Making national headlines: The Cardus Education Survey Australia report launch

 

The Cardus Education Survey Australia report launch makes national headlines and attracts international interest 

 

Following on from the successful launch of the Cardus Education Survey Australia project report launch last Wednesday, a number of national media outlets including the Age, the Sydney Morning Herald and the West Australian have run stories covering aspects of the report and its findings.

One of the most comprehensive research projects of its kind, the report entitled “Australian Schools and the Common Good” was commissioned by a consortium of 6 Christian school associations including CSA and sought to measure the contribution of Australian secondary school graduates to the “common good” of society. The report aims to provide a more holistic perspective of graduates rather than the common approach of measuring only academic outcomes and economic contributions and career pathways of the individual.

The Cardus Education Survey Australia Project surveyed a nationally representative sample of almost 5,000 millennial graduates aged 25-39 who graduated secondary school from 1998 to 2011. Researchers Dr Albert Cheng and Dr Darren Iselin then analysed the influence of the Government, Catholic, Independent, and Christian schooling sectors in Australia on the academic, vocational, social and civic development of their graduates.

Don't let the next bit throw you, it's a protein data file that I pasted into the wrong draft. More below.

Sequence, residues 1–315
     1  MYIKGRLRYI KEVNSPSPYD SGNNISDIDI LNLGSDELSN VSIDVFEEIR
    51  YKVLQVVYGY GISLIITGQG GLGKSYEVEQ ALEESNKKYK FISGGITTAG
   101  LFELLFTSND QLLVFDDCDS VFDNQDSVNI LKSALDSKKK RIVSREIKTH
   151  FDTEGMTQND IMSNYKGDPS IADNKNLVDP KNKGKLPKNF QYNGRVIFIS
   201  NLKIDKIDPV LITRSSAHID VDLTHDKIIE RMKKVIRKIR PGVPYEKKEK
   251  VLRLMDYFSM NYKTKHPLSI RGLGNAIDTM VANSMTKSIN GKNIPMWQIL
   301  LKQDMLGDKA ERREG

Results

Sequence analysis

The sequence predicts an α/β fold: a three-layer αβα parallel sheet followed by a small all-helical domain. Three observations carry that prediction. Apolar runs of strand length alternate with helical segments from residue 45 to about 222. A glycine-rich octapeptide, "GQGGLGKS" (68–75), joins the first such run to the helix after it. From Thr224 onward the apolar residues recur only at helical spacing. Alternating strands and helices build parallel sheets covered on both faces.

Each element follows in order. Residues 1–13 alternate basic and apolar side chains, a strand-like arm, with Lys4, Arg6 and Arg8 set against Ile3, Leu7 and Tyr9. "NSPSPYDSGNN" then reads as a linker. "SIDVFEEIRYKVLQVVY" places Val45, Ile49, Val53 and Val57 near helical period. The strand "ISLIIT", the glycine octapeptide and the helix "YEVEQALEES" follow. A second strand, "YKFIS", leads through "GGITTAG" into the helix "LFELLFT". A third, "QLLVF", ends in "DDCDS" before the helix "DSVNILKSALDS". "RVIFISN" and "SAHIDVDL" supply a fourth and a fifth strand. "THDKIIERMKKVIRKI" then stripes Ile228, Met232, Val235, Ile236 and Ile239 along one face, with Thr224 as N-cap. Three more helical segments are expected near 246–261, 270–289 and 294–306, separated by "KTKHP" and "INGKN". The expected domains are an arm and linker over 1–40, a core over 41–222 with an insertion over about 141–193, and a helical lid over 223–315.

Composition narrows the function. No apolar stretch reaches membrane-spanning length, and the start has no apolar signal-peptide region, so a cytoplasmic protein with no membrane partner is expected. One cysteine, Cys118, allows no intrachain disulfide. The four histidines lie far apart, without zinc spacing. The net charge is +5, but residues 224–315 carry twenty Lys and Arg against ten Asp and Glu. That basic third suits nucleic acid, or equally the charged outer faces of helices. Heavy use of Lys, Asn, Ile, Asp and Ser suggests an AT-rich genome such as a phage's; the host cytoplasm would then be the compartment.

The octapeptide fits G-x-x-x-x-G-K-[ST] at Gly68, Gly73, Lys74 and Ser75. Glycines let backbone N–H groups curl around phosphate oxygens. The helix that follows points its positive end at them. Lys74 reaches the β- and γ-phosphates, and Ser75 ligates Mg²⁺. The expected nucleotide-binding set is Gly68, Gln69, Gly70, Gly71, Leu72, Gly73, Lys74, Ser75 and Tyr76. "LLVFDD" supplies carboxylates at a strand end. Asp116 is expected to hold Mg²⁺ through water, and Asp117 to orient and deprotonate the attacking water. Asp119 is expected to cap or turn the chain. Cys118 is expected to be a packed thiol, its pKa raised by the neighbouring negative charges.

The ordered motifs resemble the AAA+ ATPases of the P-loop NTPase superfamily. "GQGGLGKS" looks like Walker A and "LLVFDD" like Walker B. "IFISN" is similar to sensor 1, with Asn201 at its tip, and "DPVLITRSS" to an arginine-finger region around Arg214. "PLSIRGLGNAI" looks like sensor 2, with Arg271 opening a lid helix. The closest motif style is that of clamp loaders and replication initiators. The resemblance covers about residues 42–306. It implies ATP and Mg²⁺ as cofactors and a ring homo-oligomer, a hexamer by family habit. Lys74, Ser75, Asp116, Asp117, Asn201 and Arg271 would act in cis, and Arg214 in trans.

Co-author Dr. Iselin explained that while these four schooling sectors were analysed comparatively, the goal of the survey wasn’t to competitively rank these sectors but to reveal how each sector was shaping graduates who contribute in various ways to the good of their communities.

“Schools have a vital role to play, alongside of families and community, in building character, leadership and the qualities in students that see them hopefully contribute to the overall common good of society,” he said. “We sought to identify what type of people our graduates become many years after they leave their schools. Did schools form them well as persons who positively contribute to their communities, contemporary society and culture?  We hope the survey will stimulate meaningful conversation about the purpose of education.”

The Report identified six major themes relating to how Millennials are contributing to the common good that included:

  • Formation: the influence of school and educational experiences;
  • Work: Employment, vocational pathways and level of income;
  • Belonging: Involvement in associations, groups and causes;
  • Generosity: giving through donations and volunteering;
  • Family: Marriage and relationships; and
  • Religion: Faith, spirituality and church/religious services.

It is clear from the findings that Australian graduates are formed not just as individuals but to take their place in communities and it is incumbent upon educational leaders to ensure that a public facing posture continues to be cultivated in our graduates so they can be active contributors in and for the common good.

You can access a copies of the report documents and view the launch webinar on the Cardus Education Survey Australia Project Page.

Read some of the recent media regarding the report:

The Educator Online Cath News Eternity News
Sydney Morning Herald University of Arkansas News  
Menu